Civil Rights Group Questions Constitutionally of Proposal
Albuquerque, NM—Reform Sex Offender Laws, Inc. (RSOL) plans to fight HB 48, a proposal that was recently pre-filed by State Rep. Nate Gentry (R – Albuquerque). The legislation would make it illegal for any of New Mexico’s 3000 registered sex offenders, whether or not still under supervision and whether or not the register-able offense involved a child or the Internet, to use any social networking, chat, or instant messaging services where minors are allowed to register on the site.
RSOL was quick to criticize this proposed law as unconstitutional and one that would likely be struck down in the courts.
- RSOL believes that any law restricting a person’s rights, particularly First Amendment rights and access to the internet, beyond the end of the person’s sentence is unconstitutional.
- Contrary to what is commonly understood, registration as a sex offender is supposed to be a non-punitive, collateral consequence of a conviction for a sex offense. In fact, the US Supreme Court held registration to be constitutional because the Alaska requirements at the time did not impose any disability or restraint on the offender.See Smith v. Doe, 538 U.S. 84 (2003).
- To remain constitutional, registration cannot impose any disability or restraint on a registered person’s daily activities. We base that opinion on the court’s finding that, “The Act imposes no physical restraint, and so does not resemble the punishment of imprisonment, which is the paradigmatic affirmative disability or restraint.”See Id at 100.
- This and similar types of laws have also been held unconstitutional across the country under First Amendment rights. See Doe v. Jindal, in federal court (Louisiana) and Does v. Nebraska, federal court (Nebraska).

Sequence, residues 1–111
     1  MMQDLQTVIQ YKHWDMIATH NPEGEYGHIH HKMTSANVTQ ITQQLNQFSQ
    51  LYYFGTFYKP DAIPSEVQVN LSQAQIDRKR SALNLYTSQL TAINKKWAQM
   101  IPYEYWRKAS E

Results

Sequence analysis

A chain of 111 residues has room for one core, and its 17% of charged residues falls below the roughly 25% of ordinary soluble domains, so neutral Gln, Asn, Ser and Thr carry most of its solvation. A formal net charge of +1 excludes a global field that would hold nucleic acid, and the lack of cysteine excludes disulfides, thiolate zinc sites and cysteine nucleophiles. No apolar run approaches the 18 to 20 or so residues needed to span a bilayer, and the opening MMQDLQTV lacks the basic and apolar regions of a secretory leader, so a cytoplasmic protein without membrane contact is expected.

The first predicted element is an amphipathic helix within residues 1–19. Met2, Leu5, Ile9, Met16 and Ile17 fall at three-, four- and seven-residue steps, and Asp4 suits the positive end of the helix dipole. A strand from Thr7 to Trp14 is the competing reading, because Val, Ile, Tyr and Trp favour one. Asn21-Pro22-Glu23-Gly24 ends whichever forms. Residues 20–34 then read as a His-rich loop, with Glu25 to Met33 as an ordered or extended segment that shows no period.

The proposed law is overly broad.
- It covers all persons required to register as a sex offender. Many have not committed a crime that involves a minor. For example, false imprisonment and kidnapping are on New Mexico’s list of register-able offenses.
- RSOL believes that restricting a registered person from nearly all social networking and chat rooms, where encountering a minor brings threat of prosecution, would chill legitimate speech and clearly run afoul of the First Amendment.
The proposed law is unnecessary to promote public safety.
- In New Mexico those convicted of a sex offense are required to be on probation and/or parole from 5 to 20 years. During this period, the person’s Internet use is restricted, and in order to be released from supervision, the person must complete treatment and demonstrate that he/she has been rehabilitated to the satisfaction of a judge.
In articulating RSOL’s position, Executive Director Brenda Jones said, “It doesn’t take any consideration into account of whether or not the person actually committed a crime that involved a minor; it’s simply indiscriminately applied to anyone required to register under New Mexico’s law.”
RSOL is frankly astonished that despite the fact that similar laws have been successfully challenged in other states, a New Mexico legislator, who happens to be an attorney as well, is choosing to grandstand rather than engage in a serious dialogue regarding how best to protect New Mexico. This proposal is even more troubling in view of United States District Judge Richard Kopf’s (Nebraska) recent decision on December 21, 2012, to award plaintiffs nearly $300,000 in attorneys’ fees as a result of a successful challenge to a similar law in that state, and the adverse decision against the city of Albuquerque when it attempted to prevent all registrants from using any of the city’s publicly funded libraries.
Brenda Jones may be contacted by phone at 202.709.3890